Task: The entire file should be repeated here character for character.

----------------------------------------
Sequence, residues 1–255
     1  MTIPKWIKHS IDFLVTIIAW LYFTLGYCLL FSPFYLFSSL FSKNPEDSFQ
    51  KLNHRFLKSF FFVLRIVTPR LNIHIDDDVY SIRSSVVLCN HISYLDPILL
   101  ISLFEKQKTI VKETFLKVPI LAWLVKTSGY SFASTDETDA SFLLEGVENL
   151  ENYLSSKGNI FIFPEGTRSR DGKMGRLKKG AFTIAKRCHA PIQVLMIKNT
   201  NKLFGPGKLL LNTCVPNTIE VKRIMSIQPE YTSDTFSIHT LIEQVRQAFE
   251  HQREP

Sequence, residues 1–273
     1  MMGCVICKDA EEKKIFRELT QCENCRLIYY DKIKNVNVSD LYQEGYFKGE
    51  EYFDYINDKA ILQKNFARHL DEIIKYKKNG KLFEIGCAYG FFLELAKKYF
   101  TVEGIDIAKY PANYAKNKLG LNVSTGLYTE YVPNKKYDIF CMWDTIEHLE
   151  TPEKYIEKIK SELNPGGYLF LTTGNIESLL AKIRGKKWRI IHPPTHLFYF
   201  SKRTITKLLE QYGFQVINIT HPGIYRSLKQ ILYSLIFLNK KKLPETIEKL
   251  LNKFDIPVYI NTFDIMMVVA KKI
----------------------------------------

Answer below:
Sequence, residues 1–255
     1  MTIPKWIKHS IDFLVTIIAW LYFTLGYCLL FSPFYLFSSL FSKNPEDSFQ
    51  KLNHRFLKSF FFVLRIVTPR LNIHIDDDVY SIRSSVVLCN HISYLDPILL
   101  ISLFEKQKTI VKETFLKVPI LAWLVKTSGY SFASTDETDA SFLLEGVENL
   151  ENYLSSKGNI FIFPEGTRSR DGKMGRLKKG AFTIAKRCHA PIQVLMIKNT
   201  NKLFGPGKLL LNTCVPNTIE VKRIMSIQPE YTSDTFSIHT LIEQVRQAFE
   251  HQREP

Sequence, residues 1–273
     1  MMGCVICKDA EEKKIFRELT QCENCRLIYY DKIKNVNVSD LYQEGYFKGE
    51  EYFDYINDKA ILQKNFARHL DEIIKYKKNG KLFEIGCAYG FFLELAKKYF
   101  TVEGIDIAKY PANYAKNKLG LNVSTGLYTE YVPNKKYDIF CMWDTIEHLE
   151  TPEKYIEKIK SELNPGGYLF LTTGNIESLL AKIRGKKWRI IHPPTHLFYF
   201  SKRTITKLLE QYGFQVINIT HPGIYRSLKQ ILYSLIFLNK KKLPETIEKL
   251  LNKFDIPVYI NTFDIMMVVA KKI